“The franchise needed to step into fresh territory”
When he proposed his idea to Raimi, the director had two key bits of advice: ‘Make sure the Deadites are really scary” and “make sure there’s a Book in there.” The Deadites, of course, are the demons that look to possess the bodies of mere mortals and feast on their souls. And the Book? Well, that’s the Necronomicon Ex-Mortis, the ancient Sumerian text also known as the Book Of The Dead that originally unleashed hell when Ash and his friends find it in the cabin’s cellar. But what about other totems in the franchise – like the use of a chainsaw and shotgun? “They weren’t givens,” says Cronin. “In a way, we all agreed it was about the Book.”
Cronin’s idea for the Book saw him dip into the Evil Dead mythology, courtesy of the third movie. “I spoke to Sam about how [we should] do something different with it,” says Cronin. “He set it up in Army Of Darkness where Ash discovers three different Books. So I said to Sam, ‘You had one, Fede Álvarez had one in 2013. I’m gonna take the third Book and play it my way.’ So that was very important.” In Evil Dead Rise, the Book is stashed in a bank vault buried beneath the basement of a crumbling, condemned tenement building in a less-than-salubrious part of LA.
Living in the top floor of the building is Ellie (Alyssa Sutherland), mother to three kids, teens Danny (Morgan Davies) and Bridget (Gabrielle Echols) and the younger Kassie (Nell Fisher). Joining the party is Ellie’s sister Beth (Lily Sullivan), who swings back into town after a couple of months on the road not returning her sister’s phone calls. When an earthquake rocks the city, a huge crack appears in the basement, exposing the vault. Danny finds the Book, and a bunch of aged vinyl – discoveries that soon unleash the Deadites. Where Evil Dead Rise gets really twisted is that it’s mum Ellie who gets possessed, seeing her turn on her sister and her three kids. Children inside the world of Evil Dead, surely not?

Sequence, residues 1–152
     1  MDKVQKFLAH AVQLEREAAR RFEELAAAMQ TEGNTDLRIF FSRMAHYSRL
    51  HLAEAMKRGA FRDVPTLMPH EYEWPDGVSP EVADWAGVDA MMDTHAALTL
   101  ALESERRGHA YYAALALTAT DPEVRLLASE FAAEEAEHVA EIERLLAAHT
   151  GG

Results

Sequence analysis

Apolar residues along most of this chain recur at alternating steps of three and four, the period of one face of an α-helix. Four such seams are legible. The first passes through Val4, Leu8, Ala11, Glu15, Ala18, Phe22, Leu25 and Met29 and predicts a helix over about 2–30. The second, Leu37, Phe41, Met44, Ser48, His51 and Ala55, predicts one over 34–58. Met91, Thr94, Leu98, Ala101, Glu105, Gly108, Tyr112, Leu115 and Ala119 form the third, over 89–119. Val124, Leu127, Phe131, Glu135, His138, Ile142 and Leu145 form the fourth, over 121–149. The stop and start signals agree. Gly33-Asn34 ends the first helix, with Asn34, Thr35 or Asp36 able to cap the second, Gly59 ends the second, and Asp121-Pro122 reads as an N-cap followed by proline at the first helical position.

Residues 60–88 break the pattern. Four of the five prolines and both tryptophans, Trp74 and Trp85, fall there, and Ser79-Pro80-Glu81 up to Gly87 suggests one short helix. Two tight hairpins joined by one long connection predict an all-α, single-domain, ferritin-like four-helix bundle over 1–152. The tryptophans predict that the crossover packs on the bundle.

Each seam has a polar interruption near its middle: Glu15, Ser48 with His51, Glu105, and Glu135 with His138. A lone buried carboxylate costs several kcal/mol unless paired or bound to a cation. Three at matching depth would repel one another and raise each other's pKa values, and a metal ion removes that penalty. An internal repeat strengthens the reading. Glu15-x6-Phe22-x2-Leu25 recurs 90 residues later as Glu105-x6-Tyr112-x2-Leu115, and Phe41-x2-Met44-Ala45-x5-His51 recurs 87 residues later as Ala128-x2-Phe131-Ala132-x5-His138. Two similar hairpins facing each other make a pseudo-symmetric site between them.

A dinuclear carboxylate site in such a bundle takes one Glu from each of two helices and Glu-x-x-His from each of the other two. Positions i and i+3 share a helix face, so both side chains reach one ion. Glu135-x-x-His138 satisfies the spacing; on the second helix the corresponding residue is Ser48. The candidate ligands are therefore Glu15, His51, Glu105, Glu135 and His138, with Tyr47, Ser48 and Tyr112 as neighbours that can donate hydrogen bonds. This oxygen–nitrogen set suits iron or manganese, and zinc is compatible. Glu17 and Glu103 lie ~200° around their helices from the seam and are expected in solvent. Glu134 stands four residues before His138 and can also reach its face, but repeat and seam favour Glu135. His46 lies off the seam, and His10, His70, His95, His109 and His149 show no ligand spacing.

“People always ask me that and then I kind of smirk a little bit because the moment I made the call – kids plus Evil Dead – it was only ever going to go one way,” says Cronin. “I am continually drawn to horror stories built around domestic circumstance, because the truth of life is bad things happen to families. As much as we want to believe they don’t, bad things do happen. Terrible things. I didn’t want to shy away from that in any way.”
While his original draft saw the Deadites rampaging through the entire apartment block, Cronin took advice from producer Rob Tapert. “He was just keen to remind me that Evil Dead movies are about one set of innocent people that are trapped, and to not expand so far that it starts to feel like a different type of movie. And I liked that piece of advice because I wanted it to be as claustrophobic as possible,” says Cronin. “In the end, I basically got rid of all the floors in between, and I used the top floor and I used the basement of that world.”
While some purists might balk at the urban setting, Cronin smartly begins with a lakeside-set prologue, as a group of holidaying teens are torn apart. It’s a deliberately familiar setting, made more so by the very opening shot as the camera flies through the undergrowth – reminiscent of the homespun technique Raimi used to represent the Deadites flying through the air at horrifying speed. Amusingly, here it turns out to be a drone flown by one of the teens. “What it was trying to do was say to the fans, ‘You’re in safe hands because I know the things that make an Evil Dead movie what they are, but I [also] want to play with your expectations.’”